Health Insurers Will Extend Coverage To College Students Early

April 20, 2010

doctor and patientSeveral major health insurance companies announced yesterday that they will continue to insure thousands of college students who were supposed to lose their parents' coverage this spring.

The new healthcare legislation, which allows adult children to stay on parents' plans until age 26, is not scheduled to go into effect until September 23. But United Healthcare, Humana, Kaiser Permanente and WellPoint said they would implement the provision ahead of schedule so that students would not fall into a coverage gap.

"That change is really significant," noted Sara Collins of The Commonwealth Fund, a foundation which studies health policy, who was quoted by USA Today. "Particularly with the downturn in the economy, to find a job is difficult, even more so one that offers insurance."

Prior to the legislation, young adults would often be forced to purchase inadequate coverage or forgo health insurance entirely during college. The problem was worsening as more workers lost jobs and their health benefits.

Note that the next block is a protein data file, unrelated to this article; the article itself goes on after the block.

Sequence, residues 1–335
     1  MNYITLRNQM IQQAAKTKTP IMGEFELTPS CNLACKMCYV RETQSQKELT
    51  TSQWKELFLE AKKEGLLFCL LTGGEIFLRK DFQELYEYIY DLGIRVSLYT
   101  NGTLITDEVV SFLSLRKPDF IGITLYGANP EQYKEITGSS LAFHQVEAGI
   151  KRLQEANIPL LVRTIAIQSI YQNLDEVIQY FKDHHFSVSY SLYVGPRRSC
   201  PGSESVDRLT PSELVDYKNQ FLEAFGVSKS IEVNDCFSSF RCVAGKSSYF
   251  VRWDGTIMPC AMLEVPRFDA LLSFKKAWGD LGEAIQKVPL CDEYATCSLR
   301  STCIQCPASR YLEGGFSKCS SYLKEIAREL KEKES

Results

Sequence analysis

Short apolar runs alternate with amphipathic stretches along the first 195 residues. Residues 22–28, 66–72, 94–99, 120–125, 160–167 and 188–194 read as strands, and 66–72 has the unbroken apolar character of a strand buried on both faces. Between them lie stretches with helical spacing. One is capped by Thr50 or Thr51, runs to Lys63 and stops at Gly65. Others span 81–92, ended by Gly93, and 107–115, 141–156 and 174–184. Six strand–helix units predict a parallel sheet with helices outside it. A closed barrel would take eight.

United Healthcare estimated that the change in policy could help at least 150,000 graduating seniors who would need to find temporary health insurance coverage between graduation and September.

"This is one thing we should all just take off the table," explained Tyler Mason, a spokesman for United Healthcare, who was quoted by National Public Radio.

A spokesman for WellPoint agreed. "Protecting access to health benefits is our first priority," said Bradley Fluegel, WellPoint's chief strategy and external affairs officer, in a statement quoted by Dow Jones Newswires.

Health and Human Services Secretary Kathleen Sebelius praised the companies' actions and expected that more insurers would follow.

"We are working hard with other insurers on similar proposals and sent a letter today offering to work with each of them to expand this opportunity even further," she said in a statement, which was quoted by NPR.

Indeed, Dow Jones Newswires reports that a spokesman for Cigna said the company is considering the request from HHS. Meanwhile, Aetna didn't immediately have an answer, and a representative from Coventry Health Care didn't return a call for comment.

Compiled by Staff


"Big Health Insurers Have A Gift For College Grads," National Public Radio, April 19, 2010, Julie Rovner

"Insurers Act on Part of Health Law Early," USA Today, April 20, 2010, Alison Young

"Well Point, UnitedHealth Keeping Young Adults On Plans," Dow Jones Newswires, April 19, 2010, Dinah Wisenberg Brin

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